Finally, remember that car expenses don’t stop with the monthly payment. Maintenance, insurance, and fuel costs are variable, and can be affected by the quality and style of the car itself. It will probably cost more to insure that cool little sports car than that family minivan.

Can You Pay a Monthly Car Payment with a Credit Card?

Like we said, the simple answer is yes, it’s possible to use a credit card for your monthly car payment, but not really advisable.

Say you put $1,000 down on a $13,000 car and you’re looking at monthly payments of $350 over three years to pay off the $12,000 balance. A $350 charge probably won’t put the squeeze on your credit limit or crater your credit score like a one-time $13,000 charge might if you used the card for the entire purchase price. So yes, using a credit card for that $350 bill might make sense … assuming your lender will let you do it.

Here’s the thing: Most lenders won’t let you do it because the credit card companies impose a fee of up to 3.5% for every transaction they process. In other words, it generally costs your lender about $12.25 of your monthly payment when you use a credit card.

Lenders are happier if you’re making your payments with a direct transfer from your checking or savings account, or you’re using a debit card or a money order, or (going old school here) you’re actually writing a personal check and sending it via snail mail.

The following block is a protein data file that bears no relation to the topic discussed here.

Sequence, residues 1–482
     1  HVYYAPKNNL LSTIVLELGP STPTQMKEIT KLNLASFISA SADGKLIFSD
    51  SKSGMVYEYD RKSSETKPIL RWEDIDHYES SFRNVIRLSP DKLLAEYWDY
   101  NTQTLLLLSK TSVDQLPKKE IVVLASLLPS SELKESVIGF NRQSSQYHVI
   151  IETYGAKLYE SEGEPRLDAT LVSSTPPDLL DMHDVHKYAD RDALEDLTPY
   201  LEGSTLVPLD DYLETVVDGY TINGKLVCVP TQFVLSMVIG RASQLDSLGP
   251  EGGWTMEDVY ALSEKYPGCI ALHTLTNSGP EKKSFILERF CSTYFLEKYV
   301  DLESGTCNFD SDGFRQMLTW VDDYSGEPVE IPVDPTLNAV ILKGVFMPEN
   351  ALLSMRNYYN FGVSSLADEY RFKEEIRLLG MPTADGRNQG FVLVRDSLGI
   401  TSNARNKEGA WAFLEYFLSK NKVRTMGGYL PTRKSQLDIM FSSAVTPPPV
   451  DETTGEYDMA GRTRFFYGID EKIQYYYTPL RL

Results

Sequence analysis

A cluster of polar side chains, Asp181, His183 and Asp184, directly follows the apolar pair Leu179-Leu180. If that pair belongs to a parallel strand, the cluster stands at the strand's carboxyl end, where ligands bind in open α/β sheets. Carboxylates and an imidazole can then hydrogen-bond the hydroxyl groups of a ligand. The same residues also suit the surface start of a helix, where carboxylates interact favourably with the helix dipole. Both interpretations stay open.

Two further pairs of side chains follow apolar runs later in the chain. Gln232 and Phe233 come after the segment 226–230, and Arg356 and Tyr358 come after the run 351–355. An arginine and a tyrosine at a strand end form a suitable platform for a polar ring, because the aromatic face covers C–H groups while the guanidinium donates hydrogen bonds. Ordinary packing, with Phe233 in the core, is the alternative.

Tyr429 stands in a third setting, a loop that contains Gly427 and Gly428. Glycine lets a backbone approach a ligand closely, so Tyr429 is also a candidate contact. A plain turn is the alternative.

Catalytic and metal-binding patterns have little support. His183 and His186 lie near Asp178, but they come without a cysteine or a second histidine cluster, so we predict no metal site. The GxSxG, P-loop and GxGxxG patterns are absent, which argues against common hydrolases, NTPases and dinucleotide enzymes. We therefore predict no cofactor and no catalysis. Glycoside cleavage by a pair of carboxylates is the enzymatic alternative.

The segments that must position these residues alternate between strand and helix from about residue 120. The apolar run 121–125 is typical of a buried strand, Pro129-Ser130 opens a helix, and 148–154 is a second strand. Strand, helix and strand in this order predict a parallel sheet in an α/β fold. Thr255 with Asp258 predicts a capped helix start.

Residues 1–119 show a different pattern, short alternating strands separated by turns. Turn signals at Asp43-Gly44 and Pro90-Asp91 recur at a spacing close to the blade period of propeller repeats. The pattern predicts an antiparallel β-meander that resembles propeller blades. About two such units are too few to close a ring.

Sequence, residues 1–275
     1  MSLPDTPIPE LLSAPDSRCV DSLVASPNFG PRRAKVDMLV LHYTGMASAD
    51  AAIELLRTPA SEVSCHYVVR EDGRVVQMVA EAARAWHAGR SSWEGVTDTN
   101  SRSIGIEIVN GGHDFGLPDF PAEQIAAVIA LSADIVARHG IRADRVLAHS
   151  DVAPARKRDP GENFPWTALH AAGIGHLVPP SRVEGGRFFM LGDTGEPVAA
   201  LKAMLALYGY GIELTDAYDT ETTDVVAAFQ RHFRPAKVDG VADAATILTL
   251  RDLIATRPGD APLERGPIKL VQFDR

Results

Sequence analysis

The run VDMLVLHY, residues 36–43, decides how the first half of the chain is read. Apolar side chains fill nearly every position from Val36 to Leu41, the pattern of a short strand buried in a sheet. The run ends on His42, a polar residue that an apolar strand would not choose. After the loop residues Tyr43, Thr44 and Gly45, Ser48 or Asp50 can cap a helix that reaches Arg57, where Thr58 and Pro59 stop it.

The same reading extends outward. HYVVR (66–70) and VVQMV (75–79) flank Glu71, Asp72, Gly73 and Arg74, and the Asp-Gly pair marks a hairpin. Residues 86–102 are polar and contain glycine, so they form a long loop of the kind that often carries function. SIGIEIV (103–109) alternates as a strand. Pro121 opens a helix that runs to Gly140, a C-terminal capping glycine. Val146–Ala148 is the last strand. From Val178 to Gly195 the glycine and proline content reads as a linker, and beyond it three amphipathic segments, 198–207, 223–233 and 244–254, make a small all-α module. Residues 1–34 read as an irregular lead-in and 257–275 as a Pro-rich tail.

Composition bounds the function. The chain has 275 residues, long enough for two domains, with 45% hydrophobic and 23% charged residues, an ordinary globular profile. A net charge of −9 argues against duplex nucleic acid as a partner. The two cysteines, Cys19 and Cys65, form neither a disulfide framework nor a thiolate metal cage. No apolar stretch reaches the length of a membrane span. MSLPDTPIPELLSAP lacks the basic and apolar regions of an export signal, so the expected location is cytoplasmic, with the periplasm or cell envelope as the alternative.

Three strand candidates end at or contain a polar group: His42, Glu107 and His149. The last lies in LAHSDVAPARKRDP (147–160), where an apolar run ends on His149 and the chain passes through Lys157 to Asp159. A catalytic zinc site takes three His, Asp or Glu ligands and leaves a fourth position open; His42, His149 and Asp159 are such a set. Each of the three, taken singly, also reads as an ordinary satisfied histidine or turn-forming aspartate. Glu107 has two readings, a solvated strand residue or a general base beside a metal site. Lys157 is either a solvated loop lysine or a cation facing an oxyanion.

All those methods are backed by your available cash, so when you use one of them, the lender has some confidence in the security of your payment while avoiding the fees from the credit card company.

A quick, but important, digression: Using your credit card likely costs you money, too. When you use it for a car payment, you’re trading one debt (your auto loan) for another (your credit card balance). The likelihood is pretty strong that your credit card debt comes with a higher interest rate than your auto loan does.

The average auto loan interest rate on new cars in 2024 is 7.01% for high credit scores and as high as 12.28% for lower scores. On used cars, it’s 9.73%-18.89%. The average credit card annual percentage rate in 2024 was 27.65%. If you’re using a card like that for your payments, your car is going to cost you more in the long term. (You can use this Car Payment Calculator to estimate what different interest rates do to the size of your monthly payments.)